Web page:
New Christian Parenting Resource

New Christian Parenting Resource - Parenting Like HannahAs you can imagine, I try to read as many parenting and especially Christian parenting books as I can. I want to help you find resources I feel will help and not hamper your parenting journey. Just because someone can get published (and sometimes self-published), has a degree and or considers themselves an expert, does not mean their advice is helpful, wise or godly.

Thankfully, the most recent new parenting book I was sent is full of great, solid Christian parenting advice. Parenting With Grace and Truth by Dan Seaborn is a great Christian parenting primer. The author chooses to organize his book into eight truths about Christian parenting. He covers everything from developing character in your kids to parenting through a crisis to parenting in blended families and more.

I would call this a primer because while his advice is generally excellent, it covers the basics in somewhat broad strokes. He discusses attitudes and behaviors, but tends to steer away from lots of tips and creative ideas. Personally, I think it is important to have books like this one available to Christian parents. Whether they are new to parenting or new to Christian parenting, this book spells out a lot of important parenting basics without overwhelming the reader with lots of minutia.

I particularly appreciated the chapter on the roles of dads and moms. So many dads still do not understand the tremendous impact they have on their children or more importantly their absence or disconnection has on their kids. I would highly suggest having all fathers – new or experienced – read at least that chapter regularly. In the U.S. alone, fathers stepping up and becoming involved in the lives of their children would have a drastic positive impact on our country. We can only imagine the positive changes if those fathers were also strong Christians, living their faith and passing it on to their children.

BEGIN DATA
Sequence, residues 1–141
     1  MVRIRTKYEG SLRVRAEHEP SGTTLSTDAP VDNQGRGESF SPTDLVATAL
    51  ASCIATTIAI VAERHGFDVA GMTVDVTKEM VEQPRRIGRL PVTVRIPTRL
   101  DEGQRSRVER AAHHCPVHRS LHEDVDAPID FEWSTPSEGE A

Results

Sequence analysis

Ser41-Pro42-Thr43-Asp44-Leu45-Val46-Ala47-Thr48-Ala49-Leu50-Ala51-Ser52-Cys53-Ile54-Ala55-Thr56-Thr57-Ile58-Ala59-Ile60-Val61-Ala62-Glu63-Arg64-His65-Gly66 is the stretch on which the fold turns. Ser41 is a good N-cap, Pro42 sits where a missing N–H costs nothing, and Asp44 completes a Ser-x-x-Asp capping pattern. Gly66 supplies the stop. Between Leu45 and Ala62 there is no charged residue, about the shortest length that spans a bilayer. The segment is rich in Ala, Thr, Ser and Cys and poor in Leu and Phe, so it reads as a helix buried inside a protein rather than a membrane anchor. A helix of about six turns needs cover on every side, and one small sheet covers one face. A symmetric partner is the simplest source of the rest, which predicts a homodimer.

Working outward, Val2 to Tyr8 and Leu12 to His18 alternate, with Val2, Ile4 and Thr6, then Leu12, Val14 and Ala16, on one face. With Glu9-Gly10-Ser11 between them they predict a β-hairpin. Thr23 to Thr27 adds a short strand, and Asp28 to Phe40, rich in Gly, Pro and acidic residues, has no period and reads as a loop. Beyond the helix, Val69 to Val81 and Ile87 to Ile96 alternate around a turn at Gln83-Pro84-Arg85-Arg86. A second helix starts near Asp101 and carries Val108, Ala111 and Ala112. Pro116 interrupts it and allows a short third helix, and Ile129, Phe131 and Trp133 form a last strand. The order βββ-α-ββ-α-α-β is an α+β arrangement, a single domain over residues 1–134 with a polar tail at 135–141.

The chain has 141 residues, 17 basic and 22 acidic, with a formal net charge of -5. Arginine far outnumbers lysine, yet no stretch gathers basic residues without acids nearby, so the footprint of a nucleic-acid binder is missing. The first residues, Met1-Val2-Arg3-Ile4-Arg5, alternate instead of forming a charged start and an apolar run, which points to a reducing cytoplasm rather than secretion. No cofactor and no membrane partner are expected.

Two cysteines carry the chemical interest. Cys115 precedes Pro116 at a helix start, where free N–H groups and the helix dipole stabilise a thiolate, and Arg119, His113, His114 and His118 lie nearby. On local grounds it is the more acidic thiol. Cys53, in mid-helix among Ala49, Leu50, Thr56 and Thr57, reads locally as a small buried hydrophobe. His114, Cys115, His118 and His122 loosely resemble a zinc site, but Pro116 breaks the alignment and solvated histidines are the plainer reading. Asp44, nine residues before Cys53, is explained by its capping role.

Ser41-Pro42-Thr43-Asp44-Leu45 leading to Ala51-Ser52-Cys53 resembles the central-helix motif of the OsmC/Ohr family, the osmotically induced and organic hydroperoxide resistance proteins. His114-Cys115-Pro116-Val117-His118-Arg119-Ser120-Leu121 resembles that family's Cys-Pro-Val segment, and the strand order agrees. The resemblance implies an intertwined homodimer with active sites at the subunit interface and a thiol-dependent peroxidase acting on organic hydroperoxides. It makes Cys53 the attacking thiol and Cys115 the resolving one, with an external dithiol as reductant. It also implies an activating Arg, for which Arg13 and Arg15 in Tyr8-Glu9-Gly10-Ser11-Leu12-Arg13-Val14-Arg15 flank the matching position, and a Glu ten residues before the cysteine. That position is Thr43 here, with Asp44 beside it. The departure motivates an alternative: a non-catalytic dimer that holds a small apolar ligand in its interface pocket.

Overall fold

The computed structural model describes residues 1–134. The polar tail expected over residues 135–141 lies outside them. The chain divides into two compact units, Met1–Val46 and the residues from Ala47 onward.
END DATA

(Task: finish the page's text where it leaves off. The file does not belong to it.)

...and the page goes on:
For those looking for a way to study parenting with small groups, there are questions at the end of each chapter for reflection and discussion. The book isn’t covered in scripture, although it is obvious the author practices and promotes Christian parenting. Interestingly, he also includes a “reality check” paragraph at the end of each chapter. I would characterize these as what you need to do when you discover you can’t put the suggestions in the chapter to work perfectly. It’s an encouragement to keep trying, even if you still get it a bit mixed up from time to time or don’t feel great about the concept.

I really only have a couple of relatively minor complaints. The first is purely semantic. There are a couple of times he uses the word “control” in the way a parent should interact with their children. I understand what he means by it, but given the uber-sensitivity to word choice today, I think a different word meaning the parent is being the parent and not manipulated by the child might have been a better choice for some readers.

The other is one I find consistently in Christian parenting books. While this author’s advice is godly and encourages Christian parenting, he really never addresses the importance of weaving God through every part of your family and parenting. For example in the chapter on character, he dances around using the Bible to choose the character traits on which you train your child. It’s in there but more as an aide for helping you and your spouse make a personal decision about which character traits are important. I know what he is attempting to do, I just wish he had put more emphasis on the idea God has already made those choices for you. A parent’s role is merely figuring out the most effective way to train children in each of those character traits.

If you are looking for a great book to give new parents, parents new to Christianity or parents struggling to find their way, this is a good one. It’s not over-simplistic or overwhelming. He covers important basics in ways that can be understood by even the most inexperienced parent. I think any parent would find it helpful.



This book was given to me in exchange for my honest review. An affiliate link is included for your convenience.

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Thereasa Winnett

Thereasa Winnett is the founder of Teach One Reach One and blogger at Parenting Like Hannah. She holds a BA in education from the College of William and Mary. She has served in all areas of ministry to children and teens for more than thirty years and regularly leads workshops for ministries and churches. She has conducted numerous workshops, including sessions at Points of Light’s National Conference on Volunteering and Service, the National Urban Ministry Conference, Pepperdine Bible Lectures, and Lipscomb’s Summer Celebration. Thereasa lives in Atlanta, GA with her husband Greg, where she enjoys reading, knitting, traveling and cooking.

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